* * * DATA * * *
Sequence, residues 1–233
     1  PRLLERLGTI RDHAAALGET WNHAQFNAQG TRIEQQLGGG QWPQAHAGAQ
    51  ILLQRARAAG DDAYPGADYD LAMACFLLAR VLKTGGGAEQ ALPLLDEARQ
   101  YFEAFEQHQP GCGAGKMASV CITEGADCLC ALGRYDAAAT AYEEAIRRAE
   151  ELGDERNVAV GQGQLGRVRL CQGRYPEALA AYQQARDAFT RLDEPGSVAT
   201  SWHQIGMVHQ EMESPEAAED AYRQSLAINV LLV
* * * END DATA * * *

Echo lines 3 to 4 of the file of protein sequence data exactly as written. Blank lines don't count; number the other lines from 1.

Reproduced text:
    51  ILLQRARAAG DDAYPGADYD LAMACFLLAR VLKTGGGAEQ ALPLLDEARQ
   101  YFEAFEQHQP GCGAGKMASV CITEGADCLC ALGRYDAAAT AYEEAIRRAE